In Cotton's 4th District, conservative state Rep. Bruce Westerman is the favorite in the GOP primary. Democrats sense a possible net gain and have rallied behind former director of the Federal Emergency Management Agency James Lee Witt, a close friend and political associate of Bill Clinton.
Republican Rep. Tim Griffin stunned observers by announcing his retirement in the Second District after only two terms, opting instead to run for lieutenant governor. The likely GOP nominee for his seat is establishment candidate French Hill, an investment banker and former George H.W. Bush administration official. Hill will be favored in November over Democrat Patrick Hays, former North Little Rock mayor.
Georgia, May 20
The six-candidate Republican primary for the seat of retiring GOP Sen. Saxby Chambliss is likely to produce a runoff. Unless a candidate in the crowded field wins 50 percent of the vote plus one, the top two vote-getters will meet in a runoff in July.
Final polls point to millionaire David Perdue and Rep. Jack Kingston, both strong conservatives, as the likely top vote-getters. Democrats had been hoping for a Republican nominee with a trail of controversial statements, such as Reps. Phil Gingrey or Paul Broun. Either Perdue or Kingston will be favored in the fall over businesswoman Michelle Nunn, daughter of former Sen. Sam Nunn, D-Ga.
Another heir to a famous name is the certain Democratic nominee for governor: state Sen. Jason Carter, grandson of Jimmy Carter, who is seeking the office his grandfather won in 1970. Polls show young Carter locked in a tight race with Republican Gov. Nathan Deal.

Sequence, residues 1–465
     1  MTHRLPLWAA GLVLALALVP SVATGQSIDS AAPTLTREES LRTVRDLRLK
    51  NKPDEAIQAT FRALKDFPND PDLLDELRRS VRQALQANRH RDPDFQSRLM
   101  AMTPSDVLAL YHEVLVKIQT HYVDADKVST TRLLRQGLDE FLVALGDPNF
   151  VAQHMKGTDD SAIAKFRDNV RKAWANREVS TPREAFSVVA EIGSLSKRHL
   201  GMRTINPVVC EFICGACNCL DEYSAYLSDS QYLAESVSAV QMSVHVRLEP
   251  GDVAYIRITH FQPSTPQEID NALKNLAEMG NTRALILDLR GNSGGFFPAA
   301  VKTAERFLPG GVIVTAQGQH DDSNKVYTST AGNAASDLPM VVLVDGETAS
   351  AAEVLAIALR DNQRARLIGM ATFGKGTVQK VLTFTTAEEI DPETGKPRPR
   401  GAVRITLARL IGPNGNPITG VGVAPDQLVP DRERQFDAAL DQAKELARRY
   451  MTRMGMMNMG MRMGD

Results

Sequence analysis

There are spirited Republican primaries for all three of the seats relinquished by GOP House members to run for the Senate. All are expected to remain in Republican hands.
Political pundits are closely watching Gingrey's 11th District in suburban Atlanta, where one of the GOP candidates is former congressman and 2008 Libertarian presidential nominee Bob Barr, and Broun's 10th District in Augusta, where the leading GOP contender is Mike Collins, son of former Rep. Mac Collins.
Idaho, May 20
The rock-em, sock-em primary in the 2nd Congressional District is increasingly billed as the showcase race for the proverbial soul of the Republican Party.
Rep. Mike Simpson, a favorite of the party establishment, faces attorney Bryan Smith, who has the backing of tea party groups and the Club for Growth.
Simpson has out-raised Smith and recently got a boost from Mitt Romney's endorsement in a district where the Mormon population is large.
Oregon, May 20
The surest sign that Democratic Sen. Jeff Merkley may be in political hot water is the intensity of the battle for the Republican nomination to oppose him.
In a state that last elected a Republican senator in 2002, super PACs supporting physician Monica Wehby are duking it out with state Rep. Jason Conger in the GOP primary. Recently, Wehby lent her campaign $5,200 in the last quarter and Conger has used about $20,000 of his own money to jump start his campaign in its final days.